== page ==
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March 2020

Essential Issues for Landlords to Consider in Response to COVID-19

The COVID-19 pandemic is affecting businesses across all sectors of the economy, and landlords are no exception. The most obvious challenge landlords face is the inability of tenants to pay rent due to the economic downturn, but there are other important issues that landlords must address related to their commercial leases, including:

1. The impact of force majeure clauses on commercial lease performance obligations

2. The extent of coverage available for COVID-19 losses under business insurance policies

3. The imperative to keep your buildings safe, particularly through common area maintenance, during the COVID-19 outbreak

Each of these issues have legal implications that should be reviewed with legal counsel.

Impact of Force Majeure Clauses on Lease Performance Obligations

Most, if not all, commercial leases include what is commonly known as a “Force Majeure” clause. These clauses govern the rights and obligations of a landlord and tenant, respectively, when an “act of God,” natural disaster, government action, or other externality results in the breach of the tenant’s right of quiet enjoyment. 

Whether a COVID-19 related event is applicable to a given lease’s force majeure clause will depend on the specific language of the clause and the cause of the COVID-19 related disruption (e.g., government directive vs. direct infection). In determining whether a tenant is relieved from its rent obligations, a court would evaluate a number of issues, such as whether the business was directly impacted by a government shutdown order, as opposed to merely suffering financial hardship.

Now is a good time to re-familiarize yourself with your active lease terms, especially the terms of any force majeure clause. The implication of a force majeure clause is that a landlord could experience a total loss of a given building’s revenue with the occurrence of a force majeure event. The speed at which COVID-19 is affecting businesses makes understanding these clauses paramount for planning purposes.  

Business Insurance Policies and Covered Losses

Effective business continuity planning for landlords should involve conducting a legal review of your business insurance policies, including those covering rent loss, business interruption, and general liability.

Coverage for business interruption and rent loss is particularly important, although there are questions as to whether damages due to COVID-19 would count as a covered loss. However, every policy is different, so it is critical to have your policy language reviewed in order to understand the extent of coverage you have available.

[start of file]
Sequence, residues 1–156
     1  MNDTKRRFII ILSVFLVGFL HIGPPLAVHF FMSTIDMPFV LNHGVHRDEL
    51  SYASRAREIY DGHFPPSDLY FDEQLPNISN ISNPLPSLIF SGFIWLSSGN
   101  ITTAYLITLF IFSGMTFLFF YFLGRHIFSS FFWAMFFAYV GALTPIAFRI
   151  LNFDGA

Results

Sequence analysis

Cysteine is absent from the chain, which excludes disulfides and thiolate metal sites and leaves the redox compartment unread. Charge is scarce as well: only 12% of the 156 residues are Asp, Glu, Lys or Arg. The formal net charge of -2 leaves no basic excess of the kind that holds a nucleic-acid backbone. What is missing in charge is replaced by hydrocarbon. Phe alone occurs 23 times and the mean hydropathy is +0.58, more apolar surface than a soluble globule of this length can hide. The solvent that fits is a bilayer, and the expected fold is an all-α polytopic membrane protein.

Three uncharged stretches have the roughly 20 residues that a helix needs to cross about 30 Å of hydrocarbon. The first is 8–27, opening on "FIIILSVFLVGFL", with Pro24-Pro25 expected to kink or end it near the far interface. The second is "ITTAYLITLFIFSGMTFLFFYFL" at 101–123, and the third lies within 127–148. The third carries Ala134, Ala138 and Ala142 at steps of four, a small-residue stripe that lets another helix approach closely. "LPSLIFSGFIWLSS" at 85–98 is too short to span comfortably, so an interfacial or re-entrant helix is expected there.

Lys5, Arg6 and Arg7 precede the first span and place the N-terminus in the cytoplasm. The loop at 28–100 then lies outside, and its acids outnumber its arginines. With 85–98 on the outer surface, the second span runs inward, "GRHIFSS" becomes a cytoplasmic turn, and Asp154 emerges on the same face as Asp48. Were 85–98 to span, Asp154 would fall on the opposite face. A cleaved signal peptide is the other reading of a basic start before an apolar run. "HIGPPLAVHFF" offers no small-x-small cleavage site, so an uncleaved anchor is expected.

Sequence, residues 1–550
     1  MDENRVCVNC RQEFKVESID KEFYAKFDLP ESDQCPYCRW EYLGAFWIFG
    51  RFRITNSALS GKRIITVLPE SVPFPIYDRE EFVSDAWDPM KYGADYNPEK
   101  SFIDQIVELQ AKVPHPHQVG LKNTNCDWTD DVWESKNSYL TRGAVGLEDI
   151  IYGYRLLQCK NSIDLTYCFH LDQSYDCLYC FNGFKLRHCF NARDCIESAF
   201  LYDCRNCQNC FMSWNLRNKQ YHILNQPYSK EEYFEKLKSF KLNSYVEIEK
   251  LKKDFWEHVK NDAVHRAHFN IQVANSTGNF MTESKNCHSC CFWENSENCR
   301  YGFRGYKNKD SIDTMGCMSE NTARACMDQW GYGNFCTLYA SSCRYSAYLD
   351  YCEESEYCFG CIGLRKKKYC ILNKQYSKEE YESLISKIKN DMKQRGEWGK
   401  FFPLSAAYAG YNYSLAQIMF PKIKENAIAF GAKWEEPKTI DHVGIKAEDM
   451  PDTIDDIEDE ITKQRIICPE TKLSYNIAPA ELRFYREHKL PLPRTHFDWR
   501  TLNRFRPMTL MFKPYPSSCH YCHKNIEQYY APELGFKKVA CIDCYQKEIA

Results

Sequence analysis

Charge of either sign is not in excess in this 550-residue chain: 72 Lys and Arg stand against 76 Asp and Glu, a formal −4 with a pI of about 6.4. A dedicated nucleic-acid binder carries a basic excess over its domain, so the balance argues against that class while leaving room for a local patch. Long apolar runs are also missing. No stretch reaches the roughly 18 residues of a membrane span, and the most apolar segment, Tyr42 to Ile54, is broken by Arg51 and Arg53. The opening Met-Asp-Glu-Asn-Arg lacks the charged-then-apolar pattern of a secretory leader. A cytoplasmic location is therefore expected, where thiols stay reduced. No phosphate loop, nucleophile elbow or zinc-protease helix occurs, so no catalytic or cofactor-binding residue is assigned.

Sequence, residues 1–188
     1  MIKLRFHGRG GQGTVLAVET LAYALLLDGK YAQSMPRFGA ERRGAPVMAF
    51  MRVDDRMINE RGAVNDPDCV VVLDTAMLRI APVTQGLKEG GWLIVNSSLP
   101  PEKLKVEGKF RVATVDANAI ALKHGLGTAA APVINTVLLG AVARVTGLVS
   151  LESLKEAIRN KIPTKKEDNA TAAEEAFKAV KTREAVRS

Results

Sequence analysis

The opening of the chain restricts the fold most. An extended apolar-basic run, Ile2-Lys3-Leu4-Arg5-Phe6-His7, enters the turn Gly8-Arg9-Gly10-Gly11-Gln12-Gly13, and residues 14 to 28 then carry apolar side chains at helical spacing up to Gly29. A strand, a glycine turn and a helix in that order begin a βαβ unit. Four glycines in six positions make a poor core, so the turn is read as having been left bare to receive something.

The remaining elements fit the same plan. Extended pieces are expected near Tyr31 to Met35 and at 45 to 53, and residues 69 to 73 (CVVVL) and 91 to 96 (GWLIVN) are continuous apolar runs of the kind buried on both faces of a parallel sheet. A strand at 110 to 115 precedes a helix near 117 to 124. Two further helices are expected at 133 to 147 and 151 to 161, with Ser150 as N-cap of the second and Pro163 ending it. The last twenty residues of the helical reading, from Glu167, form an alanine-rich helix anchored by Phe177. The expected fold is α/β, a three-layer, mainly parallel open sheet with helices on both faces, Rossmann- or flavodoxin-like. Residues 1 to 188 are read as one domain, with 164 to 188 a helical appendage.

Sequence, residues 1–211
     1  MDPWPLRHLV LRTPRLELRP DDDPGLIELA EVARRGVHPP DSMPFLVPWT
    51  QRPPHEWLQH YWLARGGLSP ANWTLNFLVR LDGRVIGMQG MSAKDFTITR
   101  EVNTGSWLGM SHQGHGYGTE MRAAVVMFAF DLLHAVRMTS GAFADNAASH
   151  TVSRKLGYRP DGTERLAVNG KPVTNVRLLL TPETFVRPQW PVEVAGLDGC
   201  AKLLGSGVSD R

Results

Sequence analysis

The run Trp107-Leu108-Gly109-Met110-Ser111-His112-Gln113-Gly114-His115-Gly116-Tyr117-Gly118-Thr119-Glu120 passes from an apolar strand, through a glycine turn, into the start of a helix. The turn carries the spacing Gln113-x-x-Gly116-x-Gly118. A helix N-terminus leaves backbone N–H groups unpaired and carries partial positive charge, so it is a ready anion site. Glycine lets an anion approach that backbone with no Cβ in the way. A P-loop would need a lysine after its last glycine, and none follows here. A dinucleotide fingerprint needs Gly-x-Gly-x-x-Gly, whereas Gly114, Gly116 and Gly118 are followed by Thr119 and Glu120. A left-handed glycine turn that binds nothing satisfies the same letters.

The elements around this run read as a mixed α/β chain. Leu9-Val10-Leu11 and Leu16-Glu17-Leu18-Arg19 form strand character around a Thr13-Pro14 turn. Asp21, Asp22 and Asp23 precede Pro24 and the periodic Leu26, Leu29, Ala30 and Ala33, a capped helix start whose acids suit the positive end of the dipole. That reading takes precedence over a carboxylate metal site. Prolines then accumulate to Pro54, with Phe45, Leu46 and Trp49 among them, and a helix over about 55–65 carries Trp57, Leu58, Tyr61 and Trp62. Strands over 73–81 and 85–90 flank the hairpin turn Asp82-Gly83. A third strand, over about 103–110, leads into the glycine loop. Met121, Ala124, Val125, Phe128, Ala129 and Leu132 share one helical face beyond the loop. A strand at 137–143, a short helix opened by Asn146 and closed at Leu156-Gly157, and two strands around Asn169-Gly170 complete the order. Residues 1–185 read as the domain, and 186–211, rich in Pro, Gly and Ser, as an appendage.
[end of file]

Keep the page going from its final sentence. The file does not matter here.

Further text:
Landlords should also revisit their general liability policies to understand coverage available to the extent that an individual becomes ill as a result of exposure to the virus at a landlord’s building. 

Building Safety and Common Area Maintenance

Open buildings require diligence in keeping up with common area maintenance (CAM) obligations. COVID-19 has presented new challenges as landlords and their management companies brace to face this invisible enemy. The Occupational Safety and Health Administration (OSHA) and the Centers for Disease Control (CDC) have advised that when choosing cleaning chemicals, businesses should consult information on Environmental Protection Agency (EPA)-approved disinfectant labels with claims against emerging viral pathogens. Products with EPA-approved emerging viral pathogens claims are expected to be effective against COVID-19 based on data for harder to kill viruses. Be sure to follow the manufacturer’s instructions for use of all cleaning and disinfection products (e.g., concentration, application method and contact time, PPE). EPA registration is not enough, however, as the purpose for which a given product is to be used must be verified. 

While the added stress of implementing additional and different cleaning regimens is burdensome, proactive landlords should treat this situation as an opportunity to not only do the right thing, but also to gain immeasurable goodwill with their tenants. Landlords should not shy away from communicating these new efforts to their tenants, early and often, not only to demonstrate compliance, but also to show the tenants that the landlord indeed cares, is paying attention, and looking out for the welfare of tenants.  

If the worst should happen and an exposure or outbreak event is traced to the building, the prudent landlord should seek the assistance of counsel to help assess, document and defend any claims, and seek coverage under relevant insurance policies. The retention of outside consultants, such as certified industrial hygienists, may help in eradicating the exposure and assuring tenants of any “all clear” directive that follows.  

Early retention of environmental counsel for legal and consulting purposes adds a layer of confidentiality in dealing with necessary vendors and other outside professionals. The unknowns which COVID-19 may bring may seem overwhelming, but planning, transparency and sound counsel will help the landlord weather this storm. To the extent you have any questions about how to protect your business against legal risks during the COVID-19 crisis, please contact the following attorneys:

Richard S.

Benjamin L.

Nicholas J.

Foley, Baron, Metzger & Juip, PLLC has implemented a work from home policy that is compliant with current requirements in the State of Michigan. Our attorneys are available via mobile phone, email, and online video conferencing including Skype for Business and Webex.